Corruption, A Human Rights Crisis And Economic Menace

Unveiling the Devastating Impact and Urgent Need for Action

Someone giving bribe to another person. Hand receiving money secretly.

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Human rights groups and scholars in sub-Saharan Africa say that corruption is a human rights violation, denying the poor in the region access to basic services like healthcare, education, electricity, clean water, and sanitation facilities. As the world marks Anti-Corruption Day on Saturday, calls are growing louder for ethical governance and more stringent measures to curb corruption, which rights groups say is the number one problem hampering development in the region, as corrupt elites loot funds meant for national development.

Onesmo Ngurumwa, national coordinator of Tanzania Human Rights Defenders coalition, told FNF that corruption was "a human rights concern in the region." "When corruption is rampant, it's felt in the lives of the people," Ngurumwa said. "When people in government are corrupt, the resources that are allocated for governance and social services will be abused. If issues of corruption are not addressed, it means whatever deals and engagements those in power sign for will not be done in favour of the development of the nations but to benefit a few individuals in positions of authority and those in their political circles. The cost of corruption is that more people will be poor because there will be opportunities only for those people who are connected to the political elites. They are the ones who will be gathering and looting."

Sub-Saharan Africa is home to the world's poorest, with more than half of the populations living on around US$1.90 a day. John Maketo, programs manager for Zimbabwe Coalition for Debt and Development, told FNF that corrupt officials should face the same consequences as human rights violators. "Due to corruption, we have seen poor service delivery," Maketo said. "In countries where those at the top are corrupt, we have public hospitals without medicines and basic diagnostic tools, no clean water for poor communities, and this leads to a lot of outbreaks of social diseases. Considering its impact on the poor, corruption should be regarded as a human rights violation, and stringent measures should be taken against those involved in corrupt practices."

Dakarayi Matanga, a senior researcher at Transparency International Zimbabwe, said sub-Saharan Africa had the lowest Corruption Perception Index score at 32. "Some groups in countries in the region, including women and girls and other groups at the risk of discrimination, tend to rely on public services, so they are disproportionately affected by the impact of corruption," Matanga said.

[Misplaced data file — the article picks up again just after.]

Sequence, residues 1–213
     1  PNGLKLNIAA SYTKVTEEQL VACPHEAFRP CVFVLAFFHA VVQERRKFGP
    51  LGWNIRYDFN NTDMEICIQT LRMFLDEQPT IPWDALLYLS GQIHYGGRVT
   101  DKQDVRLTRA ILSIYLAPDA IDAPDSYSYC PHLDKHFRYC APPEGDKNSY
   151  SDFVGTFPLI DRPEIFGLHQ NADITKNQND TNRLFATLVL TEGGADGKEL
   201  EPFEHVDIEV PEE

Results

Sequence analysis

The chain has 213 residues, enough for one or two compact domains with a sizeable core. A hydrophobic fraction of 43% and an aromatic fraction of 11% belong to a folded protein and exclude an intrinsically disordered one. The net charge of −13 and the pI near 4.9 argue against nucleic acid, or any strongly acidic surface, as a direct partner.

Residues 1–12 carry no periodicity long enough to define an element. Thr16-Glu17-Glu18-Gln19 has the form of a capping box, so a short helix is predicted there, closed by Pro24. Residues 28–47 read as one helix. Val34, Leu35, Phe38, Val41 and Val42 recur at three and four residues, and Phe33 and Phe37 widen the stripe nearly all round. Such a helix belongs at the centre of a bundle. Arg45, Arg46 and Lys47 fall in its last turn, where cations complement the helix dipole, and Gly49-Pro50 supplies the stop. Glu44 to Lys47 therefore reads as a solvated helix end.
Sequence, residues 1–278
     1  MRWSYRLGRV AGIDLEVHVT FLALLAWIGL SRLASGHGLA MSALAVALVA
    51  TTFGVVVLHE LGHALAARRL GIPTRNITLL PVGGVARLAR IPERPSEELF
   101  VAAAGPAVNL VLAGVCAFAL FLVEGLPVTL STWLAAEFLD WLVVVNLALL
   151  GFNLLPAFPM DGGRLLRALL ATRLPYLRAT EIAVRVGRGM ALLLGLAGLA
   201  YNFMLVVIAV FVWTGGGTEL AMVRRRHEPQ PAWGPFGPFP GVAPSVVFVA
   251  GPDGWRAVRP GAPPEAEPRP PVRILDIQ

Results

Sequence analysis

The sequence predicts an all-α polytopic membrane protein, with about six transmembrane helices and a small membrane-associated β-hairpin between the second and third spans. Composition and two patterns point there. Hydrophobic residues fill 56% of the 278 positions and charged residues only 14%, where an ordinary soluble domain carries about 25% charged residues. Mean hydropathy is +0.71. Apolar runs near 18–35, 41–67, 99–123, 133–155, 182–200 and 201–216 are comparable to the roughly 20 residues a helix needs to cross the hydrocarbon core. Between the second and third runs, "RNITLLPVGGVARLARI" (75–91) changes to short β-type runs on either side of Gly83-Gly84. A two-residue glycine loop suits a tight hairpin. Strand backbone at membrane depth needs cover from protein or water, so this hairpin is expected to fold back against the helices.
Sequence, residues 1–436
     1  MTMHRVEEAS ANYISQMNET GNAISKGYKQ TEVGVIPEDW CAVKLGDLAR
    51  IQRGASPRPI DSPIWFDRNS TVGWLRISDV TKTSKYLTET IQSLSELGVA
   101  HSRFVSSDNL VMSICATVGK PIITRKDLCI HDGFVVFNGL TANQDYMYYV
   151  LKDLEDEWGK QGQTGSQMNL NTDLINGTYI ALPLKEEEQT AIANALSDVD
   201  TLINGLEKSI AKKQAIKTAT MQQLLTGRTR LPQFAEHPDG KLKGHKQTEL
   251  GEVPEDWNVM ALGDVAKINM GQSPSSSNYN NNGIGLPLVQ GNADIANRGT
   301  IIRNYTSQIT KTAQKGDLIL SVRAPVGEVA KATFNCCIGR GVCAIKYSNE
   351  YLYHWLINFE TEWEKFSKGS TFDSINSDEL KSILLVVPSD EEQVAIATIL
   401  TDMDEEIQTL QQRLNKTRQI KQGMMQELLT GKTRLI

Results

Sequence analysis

Ngurumwa said to combat corruption, citizens should scrutinize those who seek political office and keep them in check. "We need to improve our democracy, our governance, our elections, policies, and constitutions, putting in place structures such as anti-corruption bureaus," he said. "People should make their leaders accountable and follow up on the use of their resources."

Corruption—from petty bribery to avoid arrest for misdemeanor or to access public services at state hospitals and welfare offices, to state capture and multi-million underhand dealings involving the elite in governing parties, top government officials, politically connected businesses—has been blamed for destroying economies and widening the gap between the rich aligned to the ruling elite and the majority of the poor, barely able to afford basics like food, education, electricity, clean water, and quality healthcare.

"People, especially those in leadership, need to be held accountable," Melusi Ncala, a senior researcher at Corruption Watch, the South African chapter of the global Anti-Corruption watchdog Transparency International, told FNF. "We need clear and forthright prosecution of offenders. If there was money lost, the funds should be recouped. There should be no preferential treatment of offenders based on the offender's social or political standing, as this gives the idea that certain people can get away with crimes." He called for stringent measures to deter would-be offenders and protection for whistleblowers who play a pivotal role in exposing corruption.

In South Africa, the entire nation is paying the price of corruption and mismanagement at the power utility Eskom, enduring long hours of scheduled power cuts. Ncala said, "You can only stem out corruption by making examples of the culprits. Those found guilty should be jailed." He said citizens should be vigilant and make background checks of candidates for political office and prospective appointees for high public offices. "We should have a thorough background check when getting people into positions of authority, and we should also have zero tolerance for people who behave unethically."

South Africa's neighbor Zimbabwe is an example of how a corrupt ruling elite can ruin a thriving economy in a matter of years. Professor Gift Mugano, director of the Centre for African Governance and Development at Durban University of Technology, told FNF: "Zimbabwe is losing an average of US$1.8 billion a year through illicit financial dealings. This is money which should fund our education sector so that our schools are up to date with modern trends and our hospitals are well-equipped to avoid unnecessary deaths. Corruption gives a country a bad image and creates high levels of poverty. No investor wants to invest in a country where there is no market due to poverty."

Zimbabwe's economy has been on a downturn for more than a decade, with growing unemployment, worsening poverty, and poor social services, including public hospitals without basic medicines in stock. The country's state hospitals have no functioning radiotherapy machine.